Each board of education is required by law to adopt a “school safety plan” for each building in the district. Recently, the laws have changed regarding the creation and submission of these plans.  Changes to RC 3313.536 became effective last fall, and ODE’s accompanying administrative rule (OAC 3301-5-01) became effective in January.  Changes include:

Name change.  Previously, the law referred to these plans as “school safety plans.”  The new laws change the name of the plans to “emergency management plans.”

More schools must adopt plans.  Previously, plans were only required for city, exempted village and local school districts.  The new law applies to community schools, STEM schools, college preparatory boarding schools, districts or schools operating career-technical programs, ESCs, pre-school and school-age child care programs licensed by ODE and any other facility that primarily provides educational services to children subject to ODE regulation. 

More responsibility for administrators.  Previously, school boards and governing authorities were required to develop, adopt, update and file the plans.  Under the new law, the administrator must meet these requirements for each building under his or her control.  “Administrator” is defined as the “superintendent, principal, chief administrative officer, or other person having supervisory authority” over the building.

The law threatens stiff penalties for an administrator’s failure to file, certify, update or properly prepare an emergency plan for one of his or her school buildings.  Under the administrative rule, failure to comply with the new rule may result in discipline pursuant to the State Board’s authority to limit, suspend or revoke an educator’s license.

New plan requirements.  Previously, the content and form of schools’ safety plans were subject to local control.  Under the new law, each plan must be submitted on standardized forms developed by ODE and must include the following:

  •  An “emergency operations plan,” which is a protocol for addressing and responding to serious threats and emergency events, including an active shooter event, hostage situation, bomb threat, act of terrorism, and other emergency events that compromise the safety of students, employees or property.  The protocol is also required to address five “mission areas” including: prevention, protection, mitigation, response and recovery.
  • Remediation strategies for any building where documented safety programs have occurred.
  • Procedures for notifying appropriate law enforcement personnel, calling upon specified emergency response personnel for assistance, informing parents of affected students, and taking other appropriate actions.
  • A floor plan that is unique to each floor of the building.
  • A site plan that includes all building property and surrounding property.
  • An emergency contact information sheet.

In developing the plan, the administrator must involve community law enforcement and safety officials, parents or guardians of students who are assigned to the building, and teachers and non-teaching employees who are assigned to the building.

ODE has provided several guidance documents and resources designed to help districts comply with the new plan requirements, including a guide for developing high-quality school emergency operations plans, sample school safety plans, a guide for developing and submitting floor plans, and a sample emergency contact information sheet.  The guidance is available online at https://saferschools.ohio.gov/content/school_safety_plans.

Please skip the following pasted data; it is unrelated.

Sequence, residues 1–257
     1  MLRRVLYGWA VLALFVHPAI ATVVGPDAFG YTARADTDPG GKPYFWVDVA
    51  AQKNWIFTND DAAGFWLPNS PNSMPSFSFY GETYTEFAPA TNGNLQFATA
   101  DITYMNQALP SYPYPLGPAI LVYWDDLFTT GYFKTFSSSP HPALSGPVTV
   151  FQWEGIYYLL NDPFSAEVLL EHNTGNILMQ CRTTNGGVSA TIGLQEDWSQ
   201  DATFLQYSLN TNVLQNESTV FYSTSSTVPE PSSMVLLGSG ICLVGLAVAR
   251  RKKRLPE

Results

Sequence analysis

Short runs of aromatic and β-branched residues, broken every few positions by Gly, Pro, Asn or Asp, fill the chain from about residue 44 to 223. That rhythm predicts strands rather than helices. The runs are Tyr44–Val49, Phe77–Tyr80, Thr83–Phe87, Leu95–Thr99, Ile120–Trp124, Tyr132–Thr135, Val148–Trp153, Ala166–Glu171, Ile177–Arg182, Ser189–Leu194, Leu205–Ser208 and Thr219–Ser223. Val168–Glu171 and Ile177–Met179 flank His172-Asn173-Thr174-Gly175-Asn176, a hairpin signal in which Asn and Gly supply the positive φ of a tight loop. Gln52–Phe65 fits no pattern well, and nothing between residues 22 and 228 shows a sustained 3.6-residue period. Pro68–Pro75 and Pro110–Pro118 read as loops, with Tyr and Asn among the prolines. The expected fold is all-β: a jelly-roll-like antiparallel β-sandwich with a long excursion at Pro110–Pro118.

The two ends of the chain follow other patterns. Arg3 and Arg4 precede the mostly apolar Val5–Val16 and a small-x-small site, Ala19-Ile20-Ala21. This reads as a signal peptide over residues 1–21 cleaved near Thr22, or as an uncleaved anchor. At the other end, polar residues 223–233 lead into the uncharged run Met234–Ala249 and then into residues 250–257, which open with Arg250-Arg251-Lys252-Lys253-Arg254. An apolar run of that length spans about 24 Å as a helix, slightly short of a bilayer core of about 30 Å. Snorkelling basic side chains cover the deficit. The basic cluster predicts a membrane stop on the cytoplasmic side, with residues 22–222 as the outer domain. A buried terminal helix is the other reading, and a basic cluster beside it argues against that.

New filing requirements.  Administrators must submit an electronic copy of the plan to ODE, pursuant to rules adopted by the State Board, not less than once every three years, whenever a major modification to the building requires changes in the procedures outlined in the plan, and whenever information on the emergency contact information sheet changes.  The administrator must also file a copy with each law enforcement agency with jurisdiction over the building and, upon request, with the local fire department, local EMS organization and county emergency management agency.

Annual certification.  Prior to July 1 each year, the administrator must review the emergency management plan and certify to ODE that it is current and accurate. 

Revisions. Anytime an administrator updates the emergency management plan, the administrator is required to file copies, not later than the tenth day after the revision is adopted, to ODE and to any entity that originally received a copy of the plan.

Annual emergency management test and drills.  On an annual basis, administrators are required to schedule and conduct at least one drill, exercise, or activity designed to assess and evaluate a single procedural operation set forth in the emergency management plan that involves a coordination of efforts.  The law requires administrators to grant access to law enforcement personnel and local entities that have requested copies of the plan to hold training sessions for responding to threats and emergency events affecting the building.  This must be outside student instructional time and the administrator/designee must be present in the building.  The administrator must provide advanced written notice of the test to any entity with which the administrator filed a copy of the plan, as well as ODE.

District should review ODE’s guidance and verify that their current plans comply with the new law.  If you have questions about these new school safety and security requirements, please contact OSBA’s division of legal services.

Posted by Sara Clark on 3/3/2015